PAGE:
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New Assistant Principal appointed to the Adult Evening Program

  Michele Cohen
  Michele Cohen
Michele Cohen was recently named Assistant Principal of the Nassau BOCES Adult Evening Program. The new administrator brings more than 12 years of educational experience to the position, having started as a teacher in the New York City school system.

Ms. Cohen served as a special education teacher of mathematics for six years, after which she moved into an administrative role as assistant principal. From there she entered district administration, where she served an additional six years supervising NYC schools. Ms. Cohen holds a bachelor’s degree from Hofstra University and two master’s degrees — the first in secondary education from Mercy College and the second in school administration from the Teachers College at Columbia University. She has also earned advanced certification in school district leadership from Baruch College at the City University of New York.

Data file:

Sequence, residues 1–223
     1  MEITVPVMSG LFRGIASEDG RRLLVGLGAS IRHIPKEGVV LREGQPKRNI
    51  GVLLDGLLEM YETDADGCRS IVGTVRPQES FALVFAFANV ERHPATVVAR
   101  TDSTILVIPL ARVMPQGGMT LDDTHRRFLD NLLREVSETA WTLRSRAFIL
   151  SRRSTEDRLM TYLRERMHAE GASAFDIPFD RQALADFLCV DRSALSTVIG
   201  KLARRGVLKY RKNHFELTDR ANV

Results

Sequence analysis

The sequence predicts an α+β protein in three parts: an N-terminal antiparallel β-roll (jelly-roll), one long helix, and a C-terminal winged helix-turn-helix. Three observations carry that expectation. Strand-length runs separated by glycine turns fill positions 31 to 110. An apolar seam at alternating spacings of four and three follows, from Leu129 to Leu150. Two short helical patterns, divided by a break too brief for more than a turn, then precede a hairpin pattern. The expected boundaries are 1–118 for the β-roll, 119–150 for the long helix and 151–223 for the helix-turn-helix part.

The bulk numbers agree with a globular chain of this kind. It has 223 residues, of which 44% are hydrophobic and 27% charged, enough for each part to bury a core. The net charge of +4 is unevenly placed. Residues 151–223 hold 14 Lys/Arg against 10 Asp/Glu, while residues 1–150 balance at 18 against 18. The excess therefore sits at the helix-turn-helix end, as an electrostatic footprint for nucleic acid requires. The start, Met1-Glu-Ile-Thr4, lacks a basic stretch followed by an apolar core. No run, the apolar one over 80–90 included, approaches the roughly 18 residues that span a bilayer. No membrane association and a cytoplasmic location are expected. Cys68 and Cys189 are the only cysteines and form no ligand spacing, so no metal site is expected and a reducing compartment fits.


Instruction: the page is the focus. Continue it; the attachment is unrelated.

As assistant principal of the Adult Evening Program, Ms. Cohen plans to help “provide opportunities to all students for success in the workforce. That’s really what this program is all about,” she said. “People come here because they aren't sure of the right career path. I want to help them find that path — the one leading to success.”
“Nassau BOCES is committed to offering comprehensive adult education services, from beginning literacy for English language learners to high school equivalency diplomas to GED candidates,” said Regional Schools and Instructional Programs Executive Director Gene Silverman. “Our programs provide a foundation for post-secondary education and develop career readiness in adults preparing to enter the work force. We’ve aligned our curriculum with the New York State Common Core learning standards and enhance instruction with state-of-the-art teaching tools.”

“We’re working to grow the Adult Evening Program,” Ms. Cohen said. “We’re going to expand it and make it stronger. Programs like this are essential. They provide people who were unable to attend college with an opportunity to be successful in the world.”